Children with the HLA DR3/4-DQ8 or DR4/4-DQ8 genotypes had a much higher incidence of islet autoantibodies from age 9 months to 5 years compared with children without these genotypes (p < 0.0001 for 9 months, p < 0.0001 for 2 years, p = 0.0006 for 5 years; Fig. 3a). A clear peak incidence was observed at 9 months to 2 years of age in children with the high-risk genotypes.
Fig. 3

a Incidence of islet autoantibodies (AAb; cases per 1,000 person-years) in offspring of parents with type 1 diabetes relative to HLA genotype (BABYDIAB Study). Children with the DR3/4-DQ8 or DR4/4-DQ8 genotypes (solid line) had higher incidence levels than children with other HLA genotypes (dashed line) during early childhood. Numbers under the x-axis are the numbers of children still followed at each time point. b Incidence of islet autoantibodies (any of IAA, GADA, IA-2A or ZnT8-A) in 150 children with first-degree relatives with type 1 diabetes and high-risk HLA genotypes participating in the BABYDIET Study. Incidence is shown at ages 6 and 12 months and 2, 3, 4, 5 and 6 years and refer to the age intervals between these points. Numbers under the x-axis are the numbers of children still followed at each time point

In order to confirm the findings from the BABYDIAB cohort and to refine incidence from birth to age 3 years, islet autoantibody incidence was determined in the BABYDIET cohort (Fig. 3b). These children had a higher overall increased risk of developing islet autoantibodies than BABYDIAB children and had samples collected at 3 month intervals until age 3 years. No child seroconverted to islet autoantibody positivity at age 3 or 6 months. Peak incidence was observed in the 6.1 to 12 months age period (97 [95% CI 46, 186] per 1,000 person-years; p = 0.006 vs 0 to 6 months). Incidences for each 12 month period after age 12 months were less than 50 per 100 person-years (p = 0.02; 6.1 to 12 months vs 12.1 to 72 months). Similarly to observations in the BABYDIAB cohort, the incidence in the 6 to 12 month age period (95% CI) tended to be higher in boys than in girls (159 [66, 326] vs 48 [15, 166] per 1,000 person-years; p = 0.2).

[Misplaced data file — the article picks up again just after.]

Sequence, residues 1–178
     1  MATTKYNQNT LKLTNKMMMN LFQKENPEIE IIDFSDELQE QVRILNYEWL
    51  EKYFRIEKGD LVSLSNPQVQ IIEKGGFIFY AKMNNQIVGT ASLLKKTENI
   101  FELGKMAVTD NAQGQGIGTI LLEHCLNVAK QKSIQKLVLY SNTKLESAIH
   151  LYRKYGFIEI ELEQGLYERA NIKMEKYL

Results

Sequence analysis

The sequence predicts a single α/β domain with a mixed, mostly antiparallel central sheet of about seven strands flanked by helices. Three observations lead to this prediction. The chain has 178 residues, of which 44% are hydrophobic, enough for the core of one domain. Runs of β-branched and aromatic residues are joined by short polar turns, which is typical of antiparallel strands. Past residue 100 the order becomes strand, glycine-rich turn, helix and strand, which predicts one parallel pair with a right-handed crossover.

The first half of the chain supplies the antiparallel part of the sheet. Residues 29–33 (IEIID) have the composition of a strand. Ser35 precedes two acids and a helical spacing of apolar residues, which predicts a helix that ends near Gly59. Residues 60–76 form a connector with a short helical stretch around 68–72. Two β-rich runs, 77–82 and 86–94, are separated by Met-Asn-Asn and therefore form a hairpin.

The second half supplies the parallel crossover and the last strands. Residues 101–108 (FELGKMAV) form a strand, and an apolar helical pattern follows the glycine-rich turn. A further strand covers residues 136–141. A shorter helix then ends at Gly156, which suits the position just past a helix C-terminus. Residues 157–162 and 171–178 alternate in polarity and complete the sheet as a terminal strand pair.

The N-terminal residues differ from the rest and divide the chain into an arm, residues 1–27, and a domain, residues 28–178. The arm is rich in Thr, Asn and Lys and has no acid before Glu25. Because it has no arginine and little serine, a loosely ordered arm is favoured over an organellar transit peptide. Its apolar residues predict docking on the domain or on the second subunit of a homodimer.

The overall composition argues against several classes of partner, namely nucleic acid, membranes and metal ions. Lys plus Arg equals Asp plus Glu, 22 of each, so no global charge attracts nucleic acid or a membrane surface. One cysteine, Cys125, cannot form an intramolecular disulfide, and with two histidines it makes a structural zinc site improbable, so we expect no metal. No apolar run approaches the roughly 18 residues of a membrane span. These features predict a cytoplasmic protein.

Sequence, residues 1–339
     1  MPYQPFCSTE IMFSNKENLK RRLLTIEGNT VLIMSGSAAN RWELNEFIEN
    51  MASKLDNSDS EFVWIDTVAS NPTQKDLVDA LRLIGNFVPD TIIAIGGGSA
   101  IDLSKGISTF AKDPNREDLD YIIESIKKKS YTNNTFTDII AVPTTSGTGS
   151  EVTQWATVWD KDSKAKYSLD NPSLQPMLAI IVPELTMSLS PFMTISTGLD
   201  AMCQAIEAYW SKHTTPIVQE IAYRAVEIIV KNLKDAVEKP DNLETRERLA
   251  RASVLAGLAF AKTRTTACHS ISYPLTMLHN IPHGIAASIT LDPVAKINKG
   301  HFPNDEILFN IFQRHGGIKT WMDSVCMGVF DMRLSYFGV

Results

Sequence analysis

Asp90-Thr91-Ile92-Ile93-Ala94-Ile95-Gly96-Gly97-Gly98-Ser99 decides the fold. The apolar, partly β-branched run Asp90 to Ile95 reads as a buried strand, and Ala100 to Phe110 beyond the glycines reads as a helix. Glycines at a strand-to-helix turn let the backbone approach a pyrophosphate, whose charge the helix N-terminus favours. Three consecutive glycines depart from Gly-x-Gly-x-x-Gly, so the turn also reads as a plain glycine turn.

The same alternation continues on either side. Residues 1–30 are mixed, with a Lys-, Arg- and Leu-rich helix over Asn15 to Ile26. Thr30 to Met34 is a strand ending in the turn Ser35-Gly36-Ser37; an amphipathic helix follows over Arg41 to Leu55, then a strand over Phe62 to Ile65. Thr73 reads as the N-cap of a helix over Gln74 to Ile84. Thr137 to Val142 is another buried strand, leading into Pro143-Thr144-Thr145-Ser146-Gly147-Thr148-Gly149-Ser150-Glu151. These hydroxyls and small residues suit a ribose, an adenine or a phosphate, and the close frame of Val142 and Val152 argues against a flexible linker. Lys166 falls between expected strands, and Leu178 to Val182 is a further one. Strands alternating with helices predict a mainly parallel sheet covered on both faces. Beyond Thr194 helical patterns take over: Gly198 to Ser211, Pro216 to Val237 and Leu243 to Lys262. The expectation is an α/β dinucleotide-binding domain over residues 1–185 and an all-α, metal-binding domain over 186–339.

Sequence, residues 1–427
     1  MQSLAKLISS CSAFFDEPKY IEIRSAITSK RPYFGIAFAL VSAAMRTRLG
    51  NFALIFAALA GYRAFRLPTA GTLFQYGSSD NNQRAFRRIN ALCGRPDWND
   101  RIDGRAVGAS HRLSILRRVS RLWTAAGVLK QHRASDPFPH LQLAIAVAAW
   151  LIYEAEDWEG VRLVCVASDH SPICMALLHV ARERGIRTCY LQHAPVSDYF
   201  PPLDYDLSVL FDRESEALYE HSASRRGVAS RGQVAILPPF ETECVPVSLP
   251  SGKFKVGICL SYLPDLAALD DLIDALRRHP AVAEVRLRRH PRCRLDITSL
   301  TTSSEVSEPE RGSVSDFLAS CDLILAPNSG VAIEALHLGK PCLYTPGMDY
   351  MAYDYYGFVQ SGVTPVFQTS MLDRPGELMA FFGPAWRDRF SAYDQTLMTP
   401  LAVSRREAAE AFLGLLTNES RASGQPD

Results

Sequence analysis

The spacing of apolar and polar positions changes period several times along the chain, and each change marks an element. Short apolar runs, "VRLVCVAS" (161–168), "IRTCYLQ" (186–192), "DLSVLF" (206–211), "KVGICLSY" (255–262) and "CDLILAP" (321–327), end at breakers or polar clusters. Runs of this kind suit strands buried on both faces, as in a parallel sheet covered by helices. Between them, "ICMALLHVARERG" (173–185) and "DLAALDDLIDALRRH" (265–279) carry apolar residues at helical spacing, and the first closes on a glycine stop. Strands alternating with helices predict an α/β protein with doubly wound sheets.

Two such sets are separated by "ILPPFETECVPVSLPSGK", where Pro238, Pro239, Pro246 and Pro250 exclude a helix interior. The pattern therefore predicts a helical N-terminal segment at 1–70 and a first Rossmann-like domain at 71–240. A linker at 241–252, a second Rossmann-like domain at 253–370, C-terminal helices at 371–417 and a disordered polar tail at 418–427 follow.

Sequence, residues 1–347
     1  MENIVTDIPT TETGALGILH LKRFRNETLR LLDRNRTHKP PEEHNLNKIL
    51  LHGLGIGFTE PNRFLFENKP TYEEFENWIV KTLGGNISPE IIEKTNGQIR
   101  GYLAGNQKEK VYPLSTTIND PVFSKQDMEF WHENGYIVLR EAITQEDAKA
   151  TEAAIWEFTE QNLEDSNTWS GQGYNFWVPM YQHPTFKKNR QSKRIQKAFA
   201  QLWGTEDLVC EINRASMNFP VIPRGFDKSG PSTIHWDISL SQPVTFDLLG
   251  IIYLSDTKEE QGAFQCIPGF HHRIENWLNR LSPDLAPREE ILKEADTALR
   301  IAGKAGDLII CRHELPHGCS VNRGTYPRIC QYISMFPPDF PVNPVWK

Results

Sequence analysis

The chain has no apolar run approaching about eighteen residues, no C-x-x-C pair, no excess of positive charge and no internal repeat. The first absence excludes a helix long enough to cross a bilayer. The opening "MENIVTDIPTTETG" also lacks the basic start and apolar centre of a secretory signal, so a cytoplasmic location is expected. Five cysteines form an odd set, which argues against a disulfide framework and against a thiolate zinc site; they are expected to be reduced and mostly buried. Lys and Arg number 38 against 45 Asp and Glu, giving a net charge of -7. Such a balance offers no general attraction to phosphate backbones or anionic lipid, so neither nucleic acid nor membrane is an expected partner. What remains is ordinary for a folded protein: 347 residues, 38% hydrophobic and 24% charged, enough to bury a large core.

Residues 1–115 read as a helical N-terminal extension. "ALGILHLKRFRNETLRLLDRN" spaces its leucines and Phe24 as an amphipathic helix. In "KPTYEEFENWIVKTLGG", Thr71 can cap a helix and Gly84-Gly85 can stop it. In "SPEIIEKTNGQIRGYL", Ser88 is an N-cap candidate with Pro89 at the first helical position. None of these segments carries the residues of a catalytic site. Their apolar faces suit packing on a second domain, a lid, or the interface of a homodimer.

To determine whether seroconversion during the early peak incidence period was associated with a high risk for type 1 diabetes, we analysed the rate of progression to type 1 diabetes in BABYDIAB children who developed islet autoantibodies at the age of 9 months, at the age of 2 years and after the age of 2 years (Fig. 4). Progression was high and faster in children who seroconverted during the peak incidence period compared with children who developed islet autoantibodies during a low incidence period (progression within 10 years [95% CI]: 46% [27%, 65%] for seroconverters at 9 months; 54% [38%, 70%] for seroconverters at age 2 years; and 31% [16%, 46%] for seroconverters after age 2 years; p = 0.03 and p = 0.006 for comparisons against seroconverters after age 2 years, respectively). Moreover, 30 (83%) of 36 children who developed diabetes by age 10 years had seroconverted to islet autoantibody positivity at 9 months or 2 years.
Fig. 4

Risk for type 1 diabetes relative to the age of islet autoantibody seroconversion. Kaplan–Meier analysis for the progression to type 1 diabetes from the age of first appearance of islet antibodies in children who seroconverted at age 9 months (solid line), 2 years (dashed line) and after age 2 years (grey line). Numbers under the x-axis are the numbers of children still followed at each time point